Should I stay or should I ho-ho-ho now
I’m so sorry for that pun but I needed some sort of headline! Something timely and in spirit with the season, but it’s late and it’s been *a year* and well – this will just have to do. Any and all complaints can be thrown at Twitter dot com.
Now, let’s get to talking about developer resources and why we are sharing our publishing agreement for all to read.
As part of this year’s Rawcember effort, we’ve compiled a bunch of trustworthy and well-used templates from different disciplines and areas within Raw Fury on our newly minted DevResources page. What might you find there? From templates for financial projections to pitch decks to outsourcing agreements and more! And also, our entire publishing agreement.
Our publishing agreement is officially (and legally) executed in English. However, we want to make sure developers who don’t have English as their native tongue also have access to a reference document to compare the English contract with. So we’ve had our publishing agreement translated into Spanish, Brazilian-Portuguese, Russian, French, Japanese, simplified Chinese, and Croatian to use as a reference, hopefully combating some of the language barriers in place and allowing for more people to read and get an understanding of what a contract can look like within the games industry. It’s possible that we could look into translating it into further languages in the future as well.
If you want to learn more about how the contract came to be (spoiler- we worked closely with the first dev team we ever partnered with to create it), and what Raw Fury offers as a publisher, you can read more about that on the DevResources page.
The goal for the rest of this post is to go through a little bit of why we have decided to do this.
It’s what we would have wanted if we were in a developer’s shoes.
A lot of the humans working at Raw Fury have at some point been a developer, working for some of the most recognized AAA game studios to fledgling indie outfits. Learning which sorts of deals were out there was tough, if not impossible, unless you knew the right people who could then share that information (broadly) with you. We believe having publisher contracts out in the open helps level the playing field, and allows devs to have a more intimate understanding of the machinations of different deals when they start looking for partnerships. We hope sharing this knowledge can help combat shady practices where predatory people and companies fleece devs by virtue of this knowledge being so scarce, trapping developers in bad deals through the obscurity of legal jargon. When you’ve been in the industry for a while you start hearing the horror stories, and while this is not going to end all of that – it is a step in the right direction.
By publishing our agreement, we also want to invite other publishers to do the same and increase the transparency within this part of our industry. Publishing contracts shouldn’t be treated as a business secret.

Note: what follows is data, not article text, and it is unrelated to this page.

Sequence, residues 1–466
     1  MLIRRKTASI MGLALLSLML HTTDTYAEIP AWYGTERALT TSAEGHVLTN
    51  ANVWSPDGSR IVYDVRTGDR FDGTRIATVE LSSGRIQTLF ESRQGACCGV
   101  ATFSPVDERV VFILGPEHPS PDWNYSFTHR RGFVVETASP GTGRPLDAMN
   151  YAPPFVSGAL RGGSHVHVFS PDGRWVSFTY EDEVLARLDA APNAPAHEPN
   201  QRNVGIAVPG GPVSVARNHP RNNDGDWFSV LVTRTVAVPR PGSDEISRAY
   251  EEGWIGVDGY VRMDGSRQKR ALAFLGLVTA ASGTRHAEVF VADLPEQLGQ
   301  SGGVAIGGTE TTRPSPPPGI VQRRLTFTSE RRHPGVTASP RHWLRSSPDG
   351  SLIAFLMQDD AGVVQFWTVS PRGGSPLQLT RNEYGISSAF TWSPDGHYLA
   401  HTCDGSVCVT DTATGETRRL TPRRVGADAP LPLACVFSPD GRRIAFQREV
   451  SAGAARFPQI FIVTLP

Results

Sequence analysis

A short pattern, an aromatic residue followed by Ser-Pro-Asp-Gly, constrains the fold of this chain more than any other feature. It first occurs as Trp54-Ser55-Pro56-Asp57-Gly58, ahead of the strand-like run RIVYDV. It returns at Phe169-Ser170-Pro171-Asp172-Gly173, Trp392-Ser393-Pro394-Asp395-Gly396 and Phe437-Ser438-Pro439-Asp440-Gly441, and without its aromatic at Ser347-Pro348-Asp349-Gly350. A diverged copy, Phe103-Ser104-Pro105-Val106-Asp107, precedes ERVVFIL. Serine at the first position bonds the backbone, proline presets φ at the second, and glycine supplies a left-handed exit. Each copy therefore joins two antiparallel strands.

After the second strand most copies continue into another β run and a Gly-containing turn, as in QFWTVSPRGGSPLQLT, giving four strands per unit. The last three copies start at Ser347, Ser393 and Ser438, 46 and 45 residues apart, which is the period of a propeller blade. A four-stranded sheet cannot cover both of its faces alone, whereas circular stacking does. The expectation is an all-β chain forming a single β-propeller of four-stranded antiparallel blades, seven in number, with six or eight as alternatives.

By putting our publishing agreement out there, we hope to lower the barrier of entry to the industry. We are particularly looking to support regions where devs with the experience of managing these sorts of deals might be few and far between when compared to other parts of our industry – basically, where knowing someone who has this knowledge is rarer, perhaps based on language, geographical or other barriers to access. As a step to mitigate some of these barriers, we’ve translated the agreement into a few different languages for reference. Another way we try to help make dealings with Raw Fury more inclusive is by giving any developer who is in contract talks with us a $500 USD budget to cover some of their legal expenses, such as hiring a lawyer of their choosing to go through the contract, no strings attached.
Publishers should be a force for increased knowledge in the industry
The importance of knowledge sharing and paying it forward can not be understated. Just as developers freely give their time to build and share talks, threads, and a multitude of resources online, it seems odd that publishers aren’t doing this to the same extent. Especially not in areas that developers generally aren’t privy to share information about, like contracts. Figuring out how to raise the tide for all ships by adding the knowledge we have to the ocean of good work being done by dev teams should be an imperative for all publishers, particularly in areas where we might have a unique perspective/ability to share.
It’s the fucking holidays
And we sure don’t want to be put on Santa’s shit list this year! It’s been a rough one as is, and we hope sharing some of our battle-tested resources and our publishing agreement can be at least a little help on the way towards whatever dreams you are currently building.
Stay safe, hydrate, put on your seat belts and eat your veggies folks – here’s a toast for a better, safer, and more magical future.
Johan and the rest of Raw Fury
Other good resources:
Liam Twose – Global Games Industry Guide
Chris Zukowski – How To Market A Game
Lizzie Killian – VgPR Newsletter
Alan Dang – Alan’s DevResources Sheet
Lars Doucet – GameDataCrunch
Simon Carless – GameDiscoverCo Newsletter
Amanda Farough/Mike Futter – Virtual Economy Podcast / F-Squared LLC